Name: Baja
Baja California (Zone 11b)
Cactus and Succulents Seed Starter Foliage Fan Xeriscape Container Gardener Hummingbirder
Native Plants and Wildflowers Garden Photography Region: Mexico Plant Identifier Forum moderator Plant Database Moderator
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Baja_Costero
Nov 15, 2017 12:29 PM CST

Moderator

Here's what recently germinated Echeverias would look like. They are actually Dudleyas (close relative) but they look the same at this age. I left this pot underneath a flowering plant to collect whatever seeds might fall (letting nature handle the sowing, just like I let her handle the pollination), so these baby plants are all volunteers.

By this point, months after flowering, all the capsules are dry and open, and the wind scatters the seeds all over the patio. I could just collect the seeds that are left by cutting off the inflorescence and inverting it over a plate, but that would be more effort than letting mother nature handle the details. Smiling

Anyway, they're really small. For reference, those pumice rocks on top are at least a quarter inch wide.

Thumb of 2017-11-15/Baja_Costero/21b51b
[Last edited by Baja_Costero - Nov 15, 2017 12:30 PM (+)]
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Name: Lucille
Texas
Lucillle
Nov 15, 2017 4:04 PM CST
Wow, those are tiny babies.
Name: Baja
Baja California (Zone 11b)
Cactus and Succulents Seed Starter Foliage Fan Xeriscape Container Gardener Hummingbirder
Native Plants and Wildflowers Garden Photography Region: Mexico Plant Identifier Forum moderator Plant Database Moderator
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Baja_Costero
Nov 15, 2017 4:47 PM CST

Moderator

Tiny seeds, tiny babies.

The Mexican 1 peso coin is 2cm, about 3/4 inch. Between a dime and a nickel.

[Last edited by Baja_Costero - Nov 15, 2017 5:23 PM (+)]
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Name: Karen
NM (Zone 7b)
Region: New Mexico Region: Arizona Cactus and Succulents Greenhouse Sempervivums Bromeliad
Adeniums Garden Ideas: Level 1 Tropicals Xeriscape Garden Art Plumerias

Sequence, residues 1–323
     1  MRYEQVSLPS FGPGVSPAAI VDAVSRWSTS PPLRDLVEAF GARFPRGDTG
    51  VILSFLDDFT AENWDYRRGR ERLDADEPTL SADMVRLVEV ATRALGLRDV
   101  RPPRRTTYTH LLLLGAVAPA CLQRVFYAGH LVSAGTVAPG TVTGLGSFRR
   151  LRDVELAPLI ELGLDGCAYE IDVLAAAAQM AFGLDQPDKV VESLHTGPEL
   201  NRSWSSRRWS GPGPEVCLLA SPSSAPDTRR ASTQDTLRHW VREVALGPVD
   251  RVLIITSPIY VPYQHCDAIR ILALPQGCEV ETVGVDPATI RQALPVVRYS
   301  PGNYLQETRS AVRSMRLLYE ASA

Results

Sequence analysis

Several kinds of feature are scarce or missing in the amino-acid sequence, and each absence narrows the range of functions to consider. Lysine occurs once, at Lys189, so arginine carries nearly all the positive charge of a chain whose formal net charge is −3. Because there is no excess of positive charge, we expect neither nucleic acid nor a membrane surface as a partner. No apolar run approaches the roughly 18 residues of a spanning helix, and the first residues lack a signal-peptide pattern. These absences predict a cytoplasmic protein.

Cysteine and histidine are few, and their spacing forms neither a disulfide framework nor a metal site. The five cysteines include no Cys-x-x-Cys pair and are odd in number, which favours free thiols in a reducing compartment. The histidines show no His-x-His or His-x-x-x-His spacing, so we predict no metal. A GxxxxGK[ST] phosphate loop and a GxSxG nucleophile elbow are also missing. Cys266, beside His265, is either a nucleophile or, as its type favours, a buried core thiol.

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plantmanager
Nov 15, 2017 5:13 PM CST
Thanks for posting that pic of the seeds, Baja. I had no idea the seeds were that small! Hand sowing seems like it would be nearly impossible.
Handcrafted Coastal Inspired Art SeaMosaics!
Name: Baja
Baja California (Zone 11b)
Cactus and Succulents Seed Starter Foliage Fan Xeriscape Container Gardener Hummingbirder
Native Plants and Wildflowers Garden Photography Region: Mexico Plant Identifier Forum moderator Plant Database Moderator
Image
Baja_Costero
Nov 15, 2017 5:40 PM CST

Moderator

There's a lot of guesswork involved since it's hard to sow 1 seed at a time. You can just sprinkle freely and let the baby seedlings fight it out. Maybe a couple dozen plants will be left in that clay pot I set up, by the time they reach transplant age (thumbnail size). They are on our rooftop patio getting direct sun for just about the whole day, so they clearly can handle a lot of light from day one.

I think the usual strategy with Echeverias and Dudleyas is to make zillions of tiny seeds so that they can travel all over the place with the wind. The success rate of Dudleya seeds in nature (survival to flowering age) must be vanishingly small in most locations, but by casting them far and wide they manage to colonize rock faces, all sorts of nooks and crannies in nature. That one in a million (or whatever) location which guarantees them water and sun and nutrients in just the right proportions. Smiling
[Last edited by Baja_Costero - Nov 15, 2017 5:45 PM (+)]